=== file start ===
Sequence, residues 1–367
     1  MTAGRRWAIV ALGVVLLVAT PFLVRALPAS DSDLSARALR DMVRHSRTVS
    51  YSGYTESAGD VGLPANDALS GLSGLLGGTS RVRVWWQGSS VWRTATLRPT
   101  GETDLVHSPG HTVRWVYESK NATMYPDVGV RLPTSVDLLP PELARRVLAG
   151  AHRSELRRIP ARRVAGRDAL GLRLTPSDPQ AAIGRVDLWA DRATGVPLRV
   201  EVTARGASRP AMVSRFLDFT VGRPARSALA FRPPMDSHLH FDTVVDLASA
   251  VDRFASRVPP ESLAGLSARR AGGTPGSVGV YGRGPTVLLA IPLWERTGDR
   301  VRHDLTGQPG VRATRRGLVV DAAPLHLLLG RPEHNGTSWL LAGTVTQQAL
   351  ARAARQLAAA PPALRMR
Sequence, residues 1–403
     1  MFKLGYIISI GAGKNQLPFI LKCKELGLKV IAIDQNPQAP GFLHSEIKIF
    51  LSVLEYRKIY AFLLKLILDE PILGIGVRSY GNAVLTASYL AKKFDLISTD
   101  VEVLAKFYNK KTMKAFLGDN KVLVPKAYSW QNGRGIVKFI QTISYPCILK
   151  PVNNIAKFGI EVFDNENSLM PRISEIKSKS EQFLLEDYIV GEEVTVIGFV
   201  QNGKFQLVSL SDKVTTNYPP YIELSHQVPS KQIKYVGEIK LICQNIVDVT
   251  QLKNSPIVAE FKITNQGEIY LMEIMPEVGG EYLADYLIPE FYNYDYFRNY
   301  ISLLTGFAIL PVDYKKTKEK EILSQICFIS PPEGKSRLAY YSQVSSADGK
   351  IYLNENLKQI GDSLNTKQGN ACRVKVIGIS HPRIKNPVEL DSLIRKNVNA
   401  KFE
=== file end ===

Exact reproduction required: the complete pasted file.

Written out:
Sequence, residues 1–367
     1  MTAGRRWAIV ALGVVLLVAT PFLVRALPAS DSDLSARALR DMVRHSRTVS
    51  YSGYTESAGD VGLPANDALS GLSGLLGGTS RVRVWWQGSS VWRTATLRPT
   101  GETDLVHSPG HTVRWVYESK NATMYPDVGV RLPTSVDLLP PELARRVLAG
   151  AHRSELRRIP ARRVAGRDAL GLRLTPSDPQ AAIGRVDLWA DRATGVPLRV
   201  EVTARGASRP AMVSRFLDFT VGRPARSALA FRPPMDSHLH FDTVVDLASA
   251  VDRFASRVPP ESLAGLSARR AGGTPGSVGV YGRGPTVLLA IPLWERTGDR
   301  VRHDLTGQPG VRATRRGLVV DAAPLHLLLG RPEHNGTSWL LAGTVTQQAL
   351  ARAARQLAAA PPALRMR
Sequence, residues 1–403
     1  MFKLGYIISI GAGKNQLPFI LKCKELGLKV IAIDQNPQAP GFLHSEIKIF
    51  LSVLEYRKIY AFLLKLILDE PILGIGVRSY GNAVLTASYL AKKFDLISTD
   101  VEVLAKFYNK KTMKAFLGDN KVLVPKAYSW QNGRGIVKFI QTISYPCILK
   151  PVNNIAKFGI EVFDNENSLM PRISEIKSKS EQFLLEDYIV GEEVTVIGFV
   201  QNGKFQLVSL SDKVTTNYPP YIELSHQVPS KQIKYVGEIK LICQNIVDVT
   251  QLKNSPIVAE FKITNQGEIY LMEIMPEVGG EYLADYLIPE FYNYDYFRNY
   301  ISLLTGFAIL PVDYKKTKEK EILSQICFIS PPEGKSRLAY YSQVSSADGK
   351  IYLNENLKQI GDSLNTKQGN ACRVKVIGIS HPRIKNPVEL DSLIRKNVNA
   401  KFE